Such an investigation would be mandatory under Switzerland’s international obligations if President Bush entered the country.
     
    The organizers of the event President Bush was expected to attend told the Tribune de Genève that they decided to cancel the visit because of the “controversy” it has generated.  They denied that the potential criminal investigations against the former president were a factor in the decision.
     

    February 07, 2011

    Amnesty International today warned that a Google employee reportedly arrested in Cairo during mass protests is facing a serious risk of torture and other ill-treatment by Egyptian security forces.

    Father of two Wael Ghuneim was arrested by Egyptian security forces on 28 January 2011 during protests in Cairo, eyewitnesses said. His whereabouts remain unknown.

    "The Egyptian authorities must immediately disclose where Wael Ghuneim is and release him or charge him with a recognizable criminal offence," said Hassiba Hadj Sahraoui, Deputy Director of Middle and North Africa at Amnesty International.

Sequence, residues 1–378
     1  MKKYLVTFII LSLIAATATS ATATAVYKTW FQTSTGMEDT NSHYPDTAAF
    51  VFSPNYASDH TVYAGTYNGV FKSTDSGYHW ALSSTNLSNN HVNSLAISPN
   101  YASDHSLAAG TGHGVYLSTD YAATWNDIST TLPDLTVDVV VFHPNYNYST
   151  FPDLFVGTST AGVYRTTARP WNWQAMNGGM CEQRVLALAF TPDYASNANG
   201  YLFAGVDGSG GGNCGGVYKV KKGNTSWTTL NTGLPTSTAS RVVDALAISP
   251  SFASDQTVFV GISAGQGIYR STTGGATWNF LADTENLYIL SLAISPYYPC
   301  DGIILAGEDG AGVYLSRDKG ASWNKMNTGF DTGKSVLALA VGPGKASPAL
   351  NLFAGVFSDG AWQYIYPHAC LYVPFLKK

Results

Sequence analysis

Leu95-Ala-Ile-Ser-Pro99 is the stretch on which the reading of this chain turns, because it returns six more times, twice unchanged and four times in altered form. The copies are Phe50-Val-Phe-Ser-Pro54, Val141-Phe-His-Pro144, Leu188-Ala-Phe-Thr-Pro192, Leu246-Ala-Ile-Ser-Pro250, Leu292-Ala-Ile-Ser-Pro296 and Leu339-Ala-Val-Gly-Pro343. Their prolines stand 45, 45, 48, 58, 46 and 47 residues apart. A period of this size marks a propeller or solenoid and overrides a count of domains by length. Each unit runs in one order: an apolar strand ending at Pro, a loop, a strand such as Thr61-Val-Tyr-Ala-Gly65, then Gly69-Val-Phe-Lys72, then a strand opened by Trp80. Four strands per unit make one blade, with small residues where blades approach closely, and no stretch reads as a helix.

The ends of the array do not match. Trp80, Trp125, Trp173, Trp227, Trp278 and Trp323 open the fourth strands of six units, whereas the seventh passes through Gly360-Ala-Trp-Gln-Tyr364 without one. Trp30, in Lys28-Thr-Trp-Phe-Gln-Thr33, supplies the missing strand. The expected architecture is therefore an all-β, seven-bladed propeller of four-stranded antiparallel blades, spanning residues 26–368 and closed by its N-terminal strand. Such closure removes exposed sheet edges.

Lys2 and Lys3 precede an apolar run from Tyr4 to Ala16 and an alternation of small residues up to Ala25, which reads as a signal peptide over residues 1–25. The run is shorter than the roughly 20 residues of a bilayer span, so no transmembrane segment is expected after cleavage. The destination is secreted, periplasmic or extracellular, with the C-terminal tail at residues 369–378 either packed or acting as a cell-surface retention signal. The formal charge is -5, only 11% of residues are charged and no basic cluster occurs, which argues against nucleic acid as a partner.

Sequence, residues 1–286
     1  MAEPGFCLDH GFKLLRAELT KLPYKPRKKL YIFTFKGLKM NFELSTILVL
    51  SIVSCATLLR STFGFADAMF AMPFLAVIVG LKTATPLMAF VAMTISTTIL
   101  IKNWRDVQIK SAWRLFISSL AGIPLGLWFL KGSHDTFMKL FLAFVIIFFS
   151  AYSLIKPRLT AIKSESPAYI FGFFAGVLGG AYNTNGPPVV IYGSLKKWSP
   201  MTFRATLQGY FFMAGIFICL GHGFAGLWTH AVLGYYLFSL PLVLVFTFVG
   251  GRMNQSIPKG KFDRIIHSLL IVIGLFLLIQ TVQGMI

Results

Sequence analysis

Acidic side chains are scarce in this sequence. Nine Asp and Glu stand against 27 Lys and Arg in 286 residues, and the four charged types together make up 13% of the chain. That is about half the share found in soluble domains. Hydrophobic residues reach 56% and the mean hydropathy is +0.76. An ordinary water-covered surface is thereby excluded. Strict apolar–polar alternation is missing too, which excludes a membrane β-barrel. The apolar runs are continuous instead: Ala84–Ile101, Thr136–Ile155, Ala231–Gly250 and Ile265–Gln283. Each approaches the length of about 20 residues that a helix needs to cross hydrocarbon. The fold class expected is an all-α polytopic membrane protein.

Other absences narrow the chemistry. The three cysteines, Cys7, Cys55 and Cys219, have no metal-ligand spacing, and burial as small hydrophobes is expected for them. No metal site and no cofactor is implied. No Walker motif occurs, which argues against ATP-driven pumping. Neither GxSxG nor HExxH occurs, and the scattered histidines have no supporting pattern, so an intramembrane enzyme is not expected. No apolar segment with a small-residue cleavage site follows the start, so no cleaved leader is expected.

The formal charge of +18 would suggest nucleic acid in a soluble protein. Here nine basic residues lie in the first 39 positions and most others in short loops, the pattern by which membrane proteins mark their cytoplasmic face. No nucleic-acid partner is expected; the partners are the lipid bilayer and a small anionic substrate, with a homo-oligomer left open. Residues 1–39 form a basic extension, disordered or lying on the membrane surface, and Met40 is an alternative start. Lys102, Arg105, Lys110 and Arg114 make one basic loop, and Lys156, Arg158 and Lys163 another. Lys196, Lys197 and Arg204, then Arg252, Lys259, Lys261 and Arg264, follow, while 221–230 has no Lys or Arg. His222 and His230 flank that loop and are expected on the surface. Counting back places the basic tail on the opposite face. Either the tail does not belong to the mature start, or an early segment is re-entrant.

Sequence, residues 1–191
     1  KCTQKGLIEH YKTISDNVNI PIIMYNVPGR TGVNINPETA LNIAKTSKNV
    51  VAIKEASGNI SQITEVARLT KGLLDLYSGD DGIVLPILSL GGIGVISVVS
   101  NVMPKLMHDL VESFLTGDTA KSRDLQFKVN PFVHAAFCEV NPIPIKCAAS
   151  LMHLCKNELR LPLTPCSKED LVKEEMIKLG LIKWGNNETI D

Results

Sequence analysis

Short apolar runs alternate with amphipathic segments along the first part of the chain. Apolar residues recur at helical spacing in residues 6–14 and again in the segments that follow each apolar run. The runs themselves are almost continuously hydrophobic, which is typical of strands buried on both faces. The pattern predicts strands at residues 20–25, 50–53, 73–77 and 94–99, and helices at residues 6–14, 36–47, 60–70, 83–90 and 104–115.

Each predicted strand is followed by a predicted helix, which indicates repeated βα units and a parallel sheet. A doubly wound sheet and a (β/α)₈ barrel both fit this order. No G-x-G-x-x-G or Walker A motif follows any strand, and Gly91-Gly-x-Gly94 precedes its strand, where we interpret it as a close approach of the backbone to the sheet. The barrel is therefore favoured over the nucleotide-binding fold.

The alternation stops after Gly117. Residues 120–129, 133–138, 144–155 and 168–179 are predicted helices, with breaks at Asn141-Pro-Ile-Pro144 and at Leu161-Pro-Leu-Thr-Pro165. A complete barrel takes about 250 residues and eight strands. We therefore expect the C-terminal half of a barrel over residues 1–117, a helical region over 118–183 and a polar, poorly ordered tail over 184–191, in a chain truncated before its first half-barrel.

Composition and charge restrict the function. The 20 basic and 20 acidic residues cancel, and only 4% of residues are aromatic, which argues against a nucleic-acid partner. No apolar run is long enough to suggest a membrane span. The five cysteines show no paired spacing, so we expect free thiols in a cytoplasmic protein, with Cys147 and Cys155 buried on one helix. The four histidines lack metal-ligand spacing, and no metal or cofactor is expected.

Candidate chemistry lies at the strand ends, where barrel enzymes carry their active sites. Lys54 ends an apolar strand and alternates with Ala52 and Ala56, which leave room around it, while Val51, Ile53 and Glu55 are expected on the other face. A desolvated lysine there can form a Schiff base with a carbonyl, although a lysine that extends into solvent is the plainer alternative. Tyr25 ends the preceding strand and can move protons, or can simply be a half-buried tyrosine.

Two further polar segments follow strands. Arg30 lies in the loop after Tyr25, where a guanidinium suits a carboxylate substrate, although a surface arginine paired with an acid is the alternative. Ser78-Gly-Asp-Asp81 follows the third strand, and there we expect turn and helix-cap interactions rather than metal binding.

"He must be given access to a doctor and a lawyer of his choice and not be subjected to torture or other ill-treatment. His case is just one of many that highlight the continued crackdown by the Egyptian authorities on those exercising their right to protest peacefully."

    Wael Ghuneim, who is Google's head of marketing for the Middle East and North Africa, travelled to Egypt from Dubai, where he lives, on about the 23 January for a business trip.

    February 01, 2011

    On Wednesday, February 2, 2011, lawyers for Amnesty International Canada and the B.C. Civil Liberties Association (BCCLA) will present their final submissions before the Military Police Complaints Commission. In 2008, the Commission launched the Afghanistan Public Interest Hearing to investigate the role of military police officers in the transfers of prisoners captured by Canadian Forces to risk of torture by Afghan security forces.

    The evidence presented to the Commission over the course of these hearings has been disturbing, and paints a troubling picture of abdication of responsibility by senior members of the military police and startling lack of concern across government agencies for the fate of prisoners captured by Canadian Forces.

    January 31, 2011